Just a few days after General Motors CMO Joel Ewanick upset the Facebook IPO apple cart by announcing he’s pulling his FB ad budget (even while promising to keep up free engagement with fans on the site), the world’s largest automaker dropped another bombshell today: Ewanick revealed that he’s planning to take GM advertisements out of the next Super Bowl, too.
It’s a surprising reversal of strategy for a company that has gone big for advertisements in the last several Super Bowls, with a handful of spots for Chevrolet and Cadillac in Super Bowl XLVI this past February. GM executives had consistently touted not only the direct impressions created by advertising their products during the Big Game but also the increasing levels of integration between Super Bowl TV commercials and pre- and post-game promotion and social-media elements.[more]
But nothing seems sacrosanct in the world of GM advertising these days as Ewanick puts the biggest stamp on his organization since his arrival there as marketing chief a couple of years ago, and as results seem to continue to follow GM’s re-evaluation of all of its media properties after shifting its massive ad-buying account to a new agency.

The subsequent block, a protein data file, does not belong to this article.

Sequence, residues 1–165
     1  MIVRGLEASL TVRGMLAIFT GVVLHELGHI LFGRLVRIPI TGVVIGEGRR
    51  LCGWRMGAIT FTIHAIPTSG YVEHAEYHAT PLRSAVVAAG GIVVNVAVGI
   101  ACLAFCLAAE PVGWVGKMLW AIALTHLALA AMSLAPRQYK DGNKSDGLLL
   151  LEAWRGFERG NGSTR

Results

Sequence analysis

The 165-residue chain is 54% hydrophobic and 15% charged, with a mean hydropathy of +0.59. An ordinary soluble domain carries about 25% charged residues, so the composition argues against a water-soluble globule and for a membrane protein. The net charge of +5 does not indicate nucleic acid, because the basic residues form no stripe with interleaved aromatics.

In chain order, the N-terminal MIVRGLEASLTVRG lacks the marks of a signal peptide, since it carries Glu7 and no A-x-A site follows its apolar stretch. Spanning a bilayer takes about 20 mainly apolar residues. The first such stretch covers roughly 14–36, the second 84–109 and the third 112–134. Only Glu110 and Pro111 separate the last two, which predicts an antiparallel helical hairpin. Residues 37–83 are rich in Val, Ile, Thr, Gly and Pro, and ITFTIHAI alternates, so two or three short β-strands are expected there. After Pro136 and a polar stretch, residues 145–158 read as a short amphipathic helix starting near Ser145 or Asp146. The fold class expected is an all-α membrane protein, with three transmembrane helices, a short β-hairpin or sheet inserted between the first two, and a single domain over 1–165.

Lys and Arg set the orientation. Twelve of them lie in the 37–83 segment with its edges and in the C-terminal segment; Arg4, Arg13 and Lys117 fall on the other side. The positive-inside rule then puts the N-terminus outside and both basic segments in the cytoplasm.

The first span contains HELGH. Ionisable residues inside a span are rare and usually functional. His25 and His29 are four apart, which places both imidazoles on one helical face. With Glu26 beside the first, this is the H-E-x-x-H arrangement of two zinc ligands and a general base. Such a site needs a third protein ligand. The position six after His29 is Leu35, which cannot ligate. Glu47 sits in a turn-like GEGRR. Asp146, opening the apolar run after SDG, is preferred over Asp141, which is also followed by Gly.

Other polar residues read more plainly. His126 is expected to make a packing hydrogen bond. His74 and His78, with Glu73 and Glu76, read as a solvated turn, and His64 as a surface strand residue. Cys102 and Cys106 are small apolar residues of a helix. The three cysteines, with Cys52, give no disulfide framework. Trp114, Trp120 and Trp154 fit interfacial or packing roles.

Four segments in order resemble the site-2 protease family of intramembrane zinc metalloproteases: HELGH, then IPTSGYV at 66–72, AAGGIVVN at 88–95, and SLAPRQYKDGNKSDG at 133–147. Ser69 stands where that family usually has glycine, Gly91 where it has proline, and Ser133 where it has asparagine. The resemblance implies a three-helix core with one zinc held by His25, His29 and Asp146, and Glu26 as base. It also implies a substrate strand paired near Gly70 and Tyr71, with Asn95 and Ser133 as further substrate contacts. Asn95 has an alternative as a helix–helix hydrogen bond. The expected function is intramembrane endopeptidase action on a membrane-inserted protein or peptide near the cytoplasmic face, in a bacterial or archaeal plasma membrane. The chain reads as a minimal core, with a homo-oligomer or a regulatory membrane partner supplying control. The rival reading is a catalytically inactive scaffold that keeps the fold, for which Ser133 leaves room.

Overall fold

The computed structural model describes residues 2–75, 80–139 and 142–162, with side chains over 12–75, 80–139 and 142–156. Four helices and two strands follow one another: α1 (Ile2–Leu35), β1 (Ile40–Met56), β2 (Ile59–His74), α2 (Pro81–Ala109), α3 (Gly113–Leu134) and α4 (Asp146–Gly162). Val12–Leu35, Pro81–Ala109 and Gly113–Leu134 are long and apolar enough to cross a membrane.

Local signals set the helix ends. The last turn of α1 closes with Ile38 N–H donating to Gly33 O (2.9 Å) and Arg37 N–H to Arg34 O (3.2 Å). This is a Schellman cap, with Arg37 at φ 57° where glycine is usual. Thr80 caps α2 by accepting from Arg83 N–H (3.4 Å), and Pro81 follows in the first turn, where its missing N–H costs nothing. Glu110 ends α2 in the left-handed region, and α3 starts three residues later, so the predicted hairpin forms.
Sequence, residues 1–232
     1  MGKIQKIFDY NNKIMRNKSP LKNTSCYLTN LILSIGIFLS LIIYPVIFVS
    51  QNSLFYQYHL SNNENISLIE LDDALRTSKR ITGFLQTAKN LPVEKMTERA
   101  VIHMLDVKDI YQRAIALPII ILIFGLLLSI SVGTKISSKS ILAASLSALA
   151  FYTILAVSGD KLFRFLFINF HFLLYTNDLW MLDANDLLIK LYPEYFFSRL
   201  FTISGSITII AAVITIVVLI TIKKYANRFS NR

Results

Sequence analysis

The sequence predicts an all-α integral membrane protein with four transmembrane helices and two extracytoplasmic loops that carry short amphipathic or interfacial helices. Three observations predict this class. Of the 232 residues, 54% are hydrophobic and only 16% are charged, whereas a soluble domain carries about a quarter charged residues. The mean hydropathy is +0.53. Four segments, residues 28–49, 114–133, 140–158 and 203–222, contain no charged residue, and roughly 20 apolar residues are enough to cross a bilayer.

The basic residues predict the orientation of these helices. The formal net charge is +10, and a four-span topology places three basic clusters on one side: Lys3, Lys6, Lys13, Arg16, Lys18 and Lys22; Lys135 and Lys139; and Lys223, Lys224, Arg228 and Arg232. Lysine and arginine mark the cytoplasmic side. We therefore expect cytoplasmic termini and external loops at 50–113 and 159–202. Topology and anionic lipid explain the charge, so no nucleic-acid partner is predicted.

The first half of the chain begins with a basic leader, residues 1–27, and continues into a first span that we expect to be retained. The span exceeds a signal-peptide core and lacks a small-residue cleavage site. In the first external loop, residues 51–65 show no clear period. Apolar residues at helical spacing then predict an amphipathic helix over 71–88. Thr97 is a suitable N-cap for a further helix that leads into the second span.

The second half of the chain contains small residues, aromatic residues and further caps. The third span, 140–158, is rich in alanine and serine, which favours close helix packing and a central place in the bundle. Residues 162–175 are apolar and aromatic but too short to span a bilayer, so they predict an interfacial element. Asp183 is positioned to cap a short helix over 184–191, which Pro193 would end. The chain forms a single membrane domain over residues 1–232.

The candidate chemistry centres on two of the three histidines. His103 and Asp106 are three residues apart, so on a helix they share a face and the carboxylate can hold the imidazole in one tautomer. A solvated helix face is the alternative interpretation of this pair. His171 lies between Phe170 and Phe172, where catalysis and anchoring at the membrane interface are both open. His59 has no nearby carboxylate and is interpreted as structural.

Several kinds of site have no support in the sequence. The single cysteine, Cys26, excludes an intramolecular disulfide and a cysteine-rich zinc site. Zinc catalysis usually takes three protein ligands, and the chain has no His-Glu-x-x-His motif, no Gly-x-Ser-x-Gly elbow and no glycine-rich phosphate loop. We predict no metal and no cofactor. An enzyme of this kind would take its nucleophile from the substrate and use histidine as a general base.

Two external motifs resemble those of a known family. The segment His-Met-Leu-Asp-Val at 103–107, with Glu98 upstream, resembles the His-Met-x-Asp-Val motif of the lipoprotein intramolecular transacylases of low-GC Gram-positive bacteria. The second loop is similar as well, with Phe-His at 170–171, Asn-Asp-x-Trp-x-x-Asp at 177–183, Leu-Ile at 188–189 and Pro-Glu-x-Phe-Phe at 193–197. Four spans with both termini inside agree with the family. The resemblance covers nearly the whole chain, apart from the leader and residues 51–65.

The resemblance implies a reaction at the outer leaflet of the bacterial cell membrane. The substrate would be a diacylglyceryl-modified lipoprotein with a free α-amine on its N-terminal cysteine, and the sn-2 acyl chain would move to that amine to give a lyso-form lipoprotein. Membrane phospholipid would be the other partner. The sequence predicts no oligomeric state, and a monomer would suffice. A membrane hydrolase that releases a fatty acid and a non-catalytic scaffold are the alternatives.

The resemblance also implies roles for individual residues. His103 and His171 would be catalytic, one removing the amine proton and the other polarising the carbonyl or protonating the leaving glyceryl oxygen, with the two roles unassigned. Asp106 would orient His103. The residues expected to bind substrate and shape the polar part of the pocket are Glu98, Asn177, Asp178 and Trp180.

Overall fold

Just as when Ewanick revealed GM’s decision to yank its paid advertising off of facebook, he used the Wall Street Journal (once again) as the message board for this decision. But while his gambit to withdraw advertising from Facebook found some agreement among other brand marketers both in the auto business and outside of it, this time Ewanick’s reversal is likely to be only a head-scratcher.
That’s because the Super Bowl has become arguably the most effective single platform for auto marketing. Besides GM, many other major auto brands have come to rely on Super Bowl ads to create awareness, fortify their brands and help launch important products — even vehicles that aren’t actually coming down the pike for months. Volkswagen, Toyota, Chrysler, Audi, Acura and Hyundai were among the other car marques that shelled out $3.5 million or more for each 30 seconds of air time during Super Bowl XLVI, which reached more than 100 million Americans.
For GM, according to the newspaper, cost was the problem. Ads for Super Bowl XLVII are selling for about $3.8 million a spot these days. GM no longer wants to be the game’s third-largest advertiser, which it has been over the last decade, according to Kantar Media — or in the game at all. But the company isn’t cutting its overall ad budget, the newspaper said.
Notably, the most important skeptic about auto advertising during the Super Bowl lately has been Ford. Ford CMO Jim Farley has held that the brand can get as big a bang for its buck via social media and other channels and that taking out spots during the Big Game itself isn’t cost-effective, comparatively.
Farley and the rest of Ford’s brain trust like to advertise on Facebook, unlike GM. But at least the worth of Super Bowl ads is something he and Ewanick can agree on.